Back at the present, Adam, Nick, and Jacob discover that Lou has changed history by founding the immensely successful company "Lougle", from which he enjoys a luxurious lifestyle with Kelly. Adam discovers that he is happily married to April, and Nick discovers he is a successful music producer married to a loyal and loving Courtney. The guys reunite at Lou's mansion with their families, satisfied with their new lives. During the film's closing credits, Lou is shown to be the frontman of "Motley Lüe" and performs in the video for the song "Home Sweet Home".John Cusack as Adam Yates
Jake Rose as teenage Adam
Rob Corddry as Lou "Violator" Dorchen
Brook Bennett as teenage Lou
Craig Robinson as Nick Webber-Agnew
Aliu Oyofo as teenage Nick
Clark Duke as Jacob Yates, Adam's nerd nephew who spends his time in Adam's basement playing Second Life
Chevy Chase as Repairman, a mysterious figure who appears, gives advice, and then disappears
Collette Wolfe as Kelly Yates, Jacob's mother and Adam's sister
Crispin Glover as Phil Wedmaier, a disgruntled bellhop with only one arm. In 1986, however, both of his arms are intact, leading to a running gag of situations in which he is placed in danger of losing it.
Sebastian Stan as Blaine, a ski patrol guy who bullies and beats up Lou
Lizzy Caplan as April Drennan, a music journalist who befriends Adam
Crystal Lowe as Zoe, a girl that comes onto Lou and Jacob
Kellee Stewart as Courtney Agnew, Nick's controlling wifeOdessa Rojen as 9-year-old Courtney
Lyndsy Fonseca as Jenny, Adam's girlfriend in 1986
Charlie McDermott as Chaz
Jessica Paré as Tara, a young groupie that Nick had sex with in 1986, an act that the now-married Nick finds difficult to repeat
William Zabka as Rick Steelman, a man who makes a high-stakes bet with Lou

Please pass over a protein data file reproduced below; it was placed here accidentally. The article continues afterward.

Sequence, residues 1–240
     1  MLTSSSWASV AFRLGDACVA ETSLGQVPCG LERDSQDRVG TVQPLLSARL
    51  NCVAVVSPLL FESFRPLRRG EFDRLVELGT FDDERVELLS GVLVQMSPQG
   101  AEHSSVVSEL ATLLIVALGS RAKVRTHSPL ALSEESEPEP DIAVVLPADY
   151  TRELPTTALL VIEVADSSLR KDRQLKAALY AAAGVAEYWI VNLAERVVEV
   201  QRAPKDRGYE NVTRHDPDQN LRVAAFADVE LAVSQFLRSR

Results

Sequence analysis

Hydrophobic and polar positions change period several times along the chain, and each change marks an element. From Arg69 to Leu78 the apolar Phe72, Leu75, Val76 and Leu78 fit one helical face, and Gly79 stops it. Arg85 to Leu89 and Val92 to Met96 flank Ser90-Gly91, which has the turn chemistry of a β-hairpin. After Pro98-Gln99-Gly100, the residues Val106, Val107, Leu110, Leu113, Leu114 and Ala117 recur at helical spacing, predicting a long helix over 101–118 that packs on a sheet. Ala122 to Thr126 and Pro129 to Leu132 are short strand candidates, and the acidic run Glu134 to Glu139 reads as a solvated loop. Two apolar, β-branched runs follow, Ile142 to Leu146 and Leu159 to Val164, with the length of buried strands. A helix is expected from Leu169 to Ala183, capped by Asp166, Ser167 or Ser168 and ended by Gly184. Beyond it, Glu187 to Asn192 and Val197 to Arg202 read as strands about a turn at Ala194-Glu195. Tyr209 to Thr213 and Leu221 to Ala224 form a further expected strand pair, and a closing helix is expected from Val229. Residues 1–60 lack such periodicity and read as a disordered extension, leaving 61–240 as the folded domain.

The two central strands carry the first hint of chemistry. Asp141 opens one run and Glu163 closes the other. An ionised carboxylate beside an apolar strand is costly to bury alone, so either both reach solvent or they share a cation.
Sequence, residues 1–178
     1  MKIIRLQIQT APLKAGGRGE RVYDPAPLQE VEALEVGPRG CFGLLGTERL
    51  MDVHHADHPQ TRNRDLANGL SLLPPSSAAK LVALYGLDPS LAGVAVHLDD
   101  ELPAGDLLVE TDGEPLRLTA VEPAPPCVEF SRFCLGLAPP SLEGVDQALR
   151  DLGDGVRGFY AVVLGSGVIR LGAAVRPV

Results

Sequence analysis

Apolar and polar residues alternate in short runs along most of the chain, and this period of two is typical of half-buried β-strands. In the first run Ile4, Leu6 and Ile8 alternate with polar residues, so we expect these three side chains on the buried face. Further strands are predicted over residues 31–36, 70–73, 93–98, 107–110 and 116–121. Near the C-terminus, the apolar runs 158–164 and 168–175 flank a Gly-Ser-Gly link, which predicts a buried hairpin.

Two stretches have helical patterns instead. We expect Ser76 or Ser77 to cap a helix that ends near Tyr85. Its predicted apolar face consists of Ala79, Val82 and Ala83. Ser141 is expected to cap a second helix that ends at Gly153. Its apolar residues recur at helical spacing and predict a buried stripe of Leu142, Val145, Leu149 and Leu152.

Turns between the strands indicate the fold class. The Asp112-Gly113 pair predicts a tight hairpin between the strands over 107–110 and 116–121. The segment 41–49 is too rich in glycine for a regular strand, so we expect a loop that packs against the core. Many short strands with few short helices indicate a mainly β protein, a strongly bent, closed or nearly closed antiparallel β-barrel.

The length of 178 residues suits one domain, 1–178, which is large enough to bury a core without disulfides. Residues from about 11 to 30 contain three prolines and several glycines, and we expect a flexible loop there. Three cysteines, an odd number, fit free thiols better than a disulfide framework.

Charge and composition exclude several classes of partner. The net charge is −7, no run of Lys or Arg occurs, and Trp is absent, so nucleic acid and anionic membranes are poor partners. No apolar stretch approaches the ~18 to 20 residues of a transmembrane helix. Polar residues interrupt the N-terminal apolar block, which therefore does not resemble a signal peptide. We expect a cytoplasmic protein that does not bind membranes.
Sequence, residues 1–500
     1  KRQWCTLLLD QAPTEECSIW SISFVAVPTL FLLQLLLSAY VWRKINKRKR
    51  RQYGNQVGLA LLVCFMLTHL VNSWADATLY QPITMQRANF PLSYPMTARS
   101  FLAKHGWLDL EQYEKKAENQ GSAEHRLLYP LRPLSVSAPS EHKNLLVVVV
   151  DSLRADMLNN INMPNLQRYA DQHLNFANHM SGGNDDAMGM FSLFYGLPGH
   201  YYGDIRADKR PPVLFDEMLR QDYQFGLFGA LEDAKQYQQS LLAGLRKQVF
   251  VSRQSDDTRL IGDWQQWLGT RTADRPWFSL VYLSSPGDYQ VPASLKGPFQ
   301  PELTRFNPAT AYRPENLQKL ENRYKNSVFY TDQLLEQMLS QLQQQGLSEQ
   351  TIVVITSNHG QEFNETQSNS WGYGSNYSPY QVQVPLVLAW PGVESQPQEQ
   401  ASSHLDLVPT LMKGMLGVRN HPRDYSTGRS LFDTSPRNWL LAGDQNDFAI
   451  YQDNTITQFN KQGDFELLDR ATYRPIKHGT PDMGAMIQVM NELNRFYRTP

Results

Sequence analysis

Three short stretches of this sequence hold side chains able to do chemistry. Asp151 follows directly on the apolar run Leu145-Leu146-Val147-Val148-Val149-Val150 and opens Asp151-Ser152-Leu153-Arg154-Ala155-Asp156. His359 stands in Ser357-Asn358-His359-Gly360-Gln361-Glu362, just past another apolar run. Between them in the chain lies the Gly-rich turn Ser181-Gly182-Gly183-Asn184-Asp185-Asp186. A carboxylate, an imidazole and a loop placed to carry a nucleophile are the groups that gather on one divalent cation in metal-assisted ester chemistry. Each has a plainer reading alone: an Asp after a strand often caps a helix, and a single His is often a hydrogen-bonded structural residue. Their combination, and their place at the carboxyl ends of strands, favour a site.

Josh Heald as Terry
Thomas Lennon (uncredited) as customer
Lynda Boyd (uncredited) as Adam's secretary
Diora Baird (uncredited) as Mrs. Steelman
Rob LaBelle (uncredited) as Stewart
Steve Pink directed the movie and Josh Heald wrote the screenplay. It was filmed primarily at the Vancouver Film Studios in Vancouver and the Fernie Alpine Resort in Fernie, British Columbia.
The first trailer for the film and the red-band trailer appeared on July 24, 2009, at Comic-Con 2009 and on the Internet. One of the red-band trailers consists primarily of specially shot footage (not featured in the film) of Jessica Paré's character in a tub. The film was screened for free in over 50 cities in the weeks leading up to its release.
On March 29, 2010, Corddry and Duke were guest hosts on WWE Raw from the US Airways Center in Phoenix, Arizona, to promote the film. Robinson did make a short appearance, but only via satellite.
On Rotten Tomatoes the film has an approval rating of 63% based on 199 reviews with an average rating of 6.1/10. The site's critical consensus reads, "Its flagrantly silly script -- and immensely likable cast -- make up for most of its flaws." On Metacritic, the film has a score of 63 out of 100 based on 36 critics, indicating "generally favorable reviews". Audiences polled by CinemaScore gave the film an average grade of "B" on an A+ to F scale.
The New York Times critic A. O. Scott stated that "the picture moves so quickly and crazily, swerving and skidding and doubling back for seconds, that minor lapses in wit are immediately overtaken by major (and therefore hilarious) lapses in taste." He went on to comment that, "the undercurrent of misogyny and homophobic panic that courses through most arrested-development, guy-centric comedies these days is certainly present here. But unlike, say, The Hangover, which sweetens and sentimentalizes its man-child characters—allowing them to run wild and then run home to Mommy—Hot Tub Time Machine is honest in its coarseness and pretty tough on the fellows who are the agents and objects of its satire."